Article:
Blackouts are complex and rare – the perfect plasticine for the anxious to shape a crisis when they need one.

A power transmission tower damaged and lying on its side in South Australia.
A transmission tower damaged after a major storm in South Australia, in 2016. Via ABC

It’s not all bad news. Last Saturday, a lightning strikes on a key transmission line caused a major blackout across Sydney. A former major party leader (and near prime-minister) blamed that on immigrants. I’m happy to wear responsibility for this one if it brings a brief, welcome reprieve to zero emissions technology. On behalf of brown people everywhere, I am truly sorry for commanding those lightning strikes.

It’s easy to jab a stick in the spokes of urgent invention. Ask the anti-vaccination lobby. We have been going slow at decarbonisation, not because we are incapable of going fast but because it is so easy to sabotage change.

Without these delays, we could be a global technological powerhouse. We could lead the world in zero emissions agriculture, biofuels, and large-scale energy storage. Right now, when it comes to zero emission tech, all we export are experts.

Now, we are told wait until power bills are lower before we act on climate. They have risen massively over the past decade, and we know with certainty that the biggest reason for that has been over-investment in network infrastructure, alongside the concentration of market power and rising gas prices.

Source – the Australian Competition and Consumer Commission (ACCC)

Energy experts know this, but they are mysteries to everyone else. It is easy, then, to lie, and say that our bills are high because of solar panels, wind turbines and emissions reductions policies.

These messages hit home. We lost world-leading carbon regulation because price rises due to network spending coincided with its introduction, and the majority of us turned against it.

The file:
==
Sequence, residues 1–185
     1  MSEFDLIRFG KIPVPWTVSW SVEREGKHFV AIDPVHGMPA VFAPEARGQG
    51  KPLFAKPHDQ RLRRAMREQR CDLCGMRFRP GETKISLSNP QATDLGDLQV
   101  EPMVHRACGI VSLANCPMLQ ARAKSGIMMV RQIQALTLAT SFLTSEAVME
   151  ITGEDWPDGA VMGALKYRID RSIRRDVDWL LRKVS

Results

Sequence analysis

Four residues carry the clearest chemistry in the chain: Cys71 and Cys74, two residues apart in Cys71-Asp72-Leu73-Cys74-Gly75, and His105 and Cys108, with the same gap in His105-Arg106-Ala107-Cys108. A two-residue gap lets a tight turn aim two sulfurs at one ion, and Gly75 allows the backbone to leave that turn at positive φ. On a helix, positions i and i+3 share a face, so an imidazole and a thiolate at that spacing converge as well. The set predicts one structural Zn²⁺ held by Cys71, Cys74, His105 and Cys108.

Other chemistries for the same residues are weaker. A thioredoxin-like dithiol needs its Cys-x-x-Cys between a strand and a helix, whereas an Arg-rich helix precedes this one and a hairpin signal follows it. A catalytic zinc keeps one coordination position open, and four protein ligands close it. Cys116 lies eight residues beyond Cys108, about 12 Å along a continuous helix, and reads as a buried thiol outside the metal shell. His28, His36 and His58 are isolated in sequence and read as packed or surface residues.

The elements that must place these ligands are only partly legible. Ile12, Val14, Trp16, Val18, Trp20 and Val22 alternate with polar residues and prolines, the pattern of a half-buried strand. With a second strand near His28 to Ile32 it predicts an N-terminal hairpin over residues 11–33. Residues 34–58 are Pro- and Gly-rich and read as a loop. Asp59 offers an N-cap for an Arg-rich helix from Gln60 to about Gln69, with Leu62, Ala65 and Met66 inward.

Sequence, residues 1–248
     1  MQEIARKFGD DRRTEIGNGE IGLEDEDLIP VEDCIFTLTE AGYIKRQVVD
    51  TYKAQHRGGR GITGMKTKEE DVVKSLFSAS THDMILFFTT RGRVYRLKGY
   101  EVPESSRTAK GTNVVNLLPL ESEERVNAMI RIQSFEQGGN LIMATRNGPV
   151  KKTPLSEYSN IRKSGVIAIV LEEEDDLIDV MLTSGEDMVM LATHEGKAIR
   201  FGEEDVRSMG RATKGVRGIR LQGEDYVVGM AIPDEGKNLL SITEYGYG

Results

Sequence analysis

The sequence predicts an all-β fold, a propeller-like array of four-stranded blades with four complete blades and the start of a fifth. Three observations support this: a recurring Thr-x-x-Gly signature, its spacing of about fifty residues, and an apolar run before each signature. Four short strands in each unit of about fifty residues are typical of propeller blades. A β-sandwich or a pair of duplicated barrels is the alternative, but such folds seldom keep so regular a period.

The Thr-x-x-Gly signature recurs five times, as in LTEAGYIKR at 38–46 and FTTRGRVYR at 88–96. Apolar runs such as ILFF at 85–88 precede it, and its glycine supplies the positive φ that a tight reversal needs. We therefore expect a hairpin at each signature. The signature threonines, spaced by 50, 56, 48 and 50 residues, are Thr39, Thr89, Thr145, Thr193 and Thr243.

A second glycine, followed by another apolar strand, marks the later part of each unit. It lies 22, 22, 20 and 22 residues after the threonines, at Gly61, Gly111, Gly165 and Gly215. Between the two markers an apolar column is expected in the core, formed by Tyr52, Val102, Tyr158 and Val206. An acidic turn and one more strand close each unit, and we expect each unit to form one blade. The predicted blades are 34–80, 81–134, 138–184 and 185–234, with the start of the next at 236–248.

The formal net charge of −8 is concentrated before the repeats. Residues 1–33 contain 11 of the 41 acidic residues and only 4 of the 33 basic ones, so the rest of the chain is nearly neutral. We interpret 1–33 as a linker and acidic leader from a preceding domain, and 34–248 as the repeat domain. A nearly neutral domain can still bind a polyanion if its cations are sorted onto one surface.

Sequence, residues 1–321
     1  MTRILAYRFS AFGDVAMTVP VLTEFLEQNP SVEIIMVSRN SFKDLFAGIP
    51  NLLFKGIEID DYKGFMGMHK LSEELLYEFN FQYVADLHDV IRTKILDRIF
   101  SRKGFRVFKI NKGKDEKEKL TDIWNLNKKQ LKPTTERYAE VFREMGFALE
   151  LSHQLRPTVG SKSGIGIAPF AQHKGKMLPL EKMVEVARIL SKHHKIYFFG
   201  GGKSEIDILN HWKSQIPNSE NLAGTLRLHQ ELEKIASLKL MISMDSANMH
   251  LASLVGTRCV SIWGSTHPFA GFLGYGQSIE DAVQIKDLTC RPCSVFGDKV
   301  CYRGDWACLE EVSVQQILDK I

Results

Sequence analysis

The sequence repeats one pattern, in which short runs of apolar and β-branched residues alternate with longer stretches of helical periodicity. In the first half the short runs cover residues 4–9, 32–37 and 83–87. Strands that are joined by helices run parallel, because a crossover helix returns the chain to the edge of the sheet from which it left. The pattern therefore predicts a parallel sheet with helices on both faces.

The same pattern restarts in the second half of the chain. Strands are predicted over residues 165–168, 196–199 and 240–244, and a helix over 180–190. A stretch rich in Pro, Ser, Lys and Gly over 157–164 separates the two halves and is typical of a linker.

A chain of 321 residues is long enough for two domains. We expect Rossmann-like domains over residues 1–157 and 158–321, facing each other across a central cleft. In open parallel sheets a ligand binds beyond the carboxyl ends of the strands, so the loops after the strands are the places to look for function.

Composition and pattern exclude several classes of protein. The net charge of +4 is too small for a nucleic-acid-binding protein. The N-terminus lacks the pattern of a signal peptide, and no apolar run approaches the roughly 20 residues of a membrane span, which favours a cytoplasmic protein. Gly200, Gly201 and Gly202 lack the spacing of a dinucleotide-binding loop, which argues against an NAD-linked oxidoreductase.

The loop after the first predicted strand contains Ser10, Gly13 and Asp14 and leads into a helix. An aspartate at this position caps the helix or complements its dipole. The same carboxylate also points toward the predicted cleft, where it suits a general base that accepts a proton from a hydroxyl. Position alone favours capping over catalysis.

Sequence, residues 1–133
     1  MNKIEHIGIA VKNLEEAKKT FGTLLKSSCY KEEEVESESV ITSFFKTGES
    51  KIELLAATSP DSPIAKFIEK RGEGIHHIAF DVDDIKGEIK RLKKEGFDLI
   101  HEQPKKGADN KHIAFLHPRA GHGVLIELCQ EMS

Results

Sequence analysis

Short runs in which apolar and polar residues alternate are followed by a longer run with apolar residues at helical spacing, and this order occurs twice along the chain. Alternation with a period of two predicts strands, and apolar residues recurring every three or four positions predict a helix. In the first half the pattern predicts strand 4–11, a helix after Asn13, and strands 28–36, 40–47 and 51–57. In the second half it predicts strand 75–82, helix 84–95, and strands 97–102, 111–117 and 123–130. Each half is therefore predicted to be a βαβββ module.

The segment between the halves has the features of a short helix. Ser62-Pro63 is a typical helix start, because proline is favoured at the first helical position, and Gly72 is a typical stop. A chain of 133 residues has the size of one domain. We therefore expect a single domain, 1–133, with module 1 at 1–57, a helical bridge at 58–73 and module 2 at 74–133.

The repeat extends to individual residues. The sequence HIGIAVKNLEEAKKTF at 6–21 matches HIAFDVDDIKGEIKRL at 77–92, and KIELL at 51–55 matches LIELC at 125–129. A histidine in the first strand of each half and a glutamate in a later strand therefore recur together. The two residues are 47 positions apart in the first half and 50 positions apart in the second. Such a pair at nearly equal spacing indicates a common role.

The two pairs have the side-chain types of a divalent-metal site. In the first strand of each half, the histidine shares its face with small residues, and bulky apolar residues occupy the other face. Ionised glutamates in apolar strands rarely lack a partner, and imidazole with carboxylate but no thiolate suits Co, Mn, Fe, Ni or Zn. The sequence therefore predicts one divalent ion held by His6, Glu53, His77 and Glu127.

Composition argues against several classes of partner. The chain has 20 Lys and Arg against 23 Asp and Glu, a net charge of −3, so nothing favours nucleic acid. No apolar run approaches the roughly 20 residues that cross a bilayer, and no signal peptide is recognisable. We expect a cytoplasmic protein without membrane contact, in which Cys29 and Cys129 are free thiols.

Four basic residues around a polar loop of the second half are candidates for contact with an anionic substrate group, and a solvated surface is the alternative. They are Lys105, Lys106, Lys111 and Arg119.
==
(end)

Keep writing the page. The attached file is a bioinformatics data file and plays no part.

How many of you are ripping open incredibly cheap bills, now that our coal-dominated electricity grid pollutes without consequence?

How disgustingly simple it is for the cruel and the callous to destroy fragile climate policy. It’s nauseating to spectate how tolerant we’ve become of damaging humanity for short term reward.

The bills and emissions dichotomy is fictional. Emissions are also the cost of electricity, but they’re costs we are consciously choosing to defer – onto other people in the world more exposed to impacts, to teenagers, children and a cohort of people yet to be born.

It is not untrue to say that detaching our species from fossil fuels quickly comes at a cost, including job losses. Those jobs could have been fairly transitioned if we started decarbonising when we should have, back in the eighties and nineties. We can start preparing for the shutdown of power stations and mines that form the bedrock of communities right now, with the livelihood of those people in mind.

There is already broad public support for a rapid transition, with the latest Lowy Institute poll finding that 84% of Australians support a government focus on renewables, even if that means more investment in infrastructure, and nearly 60% support immediate action that involves significant costs. This was 36% in 2012. We’re seeing fingers of sunlight through the black fog.


I don’t want to be remembered as the generation that was faced with the most certain scientific warning of catastrophe in the history of our species, and responded with a plea for immediate comfort at the price of massive future pain.

We are so desensitised and so exhausted. I understand the temptation to believe that we are incapable of saving ourselves as fast as we need to, because so many past delays have been so effective.

But we can do this, if we bring a refreshed focus on fairness of benefits, and a full-throated summoning of the technological, scientific prowess of our species.

I don’t subscribe to the idea that Australians are incapable of leading the world in the science of energy upgrade, nor do I think we’re too short-sighted to make a rapid transition fair, equitable and empathetic to those most vulnerable – perhaps the most important component of a fast transition from fossil fuels.

We can be the generation that builds technological responsibility and a pro-human philosophy into our cultural DNA.

We are faced with a new catalogue of fictions, pleading for delay as the walls of our trap thicken. We don’t need to subscribe to the idea that we are not good enough to rapidly resolve this problem. Once we get that, the power of human invention will do the rest.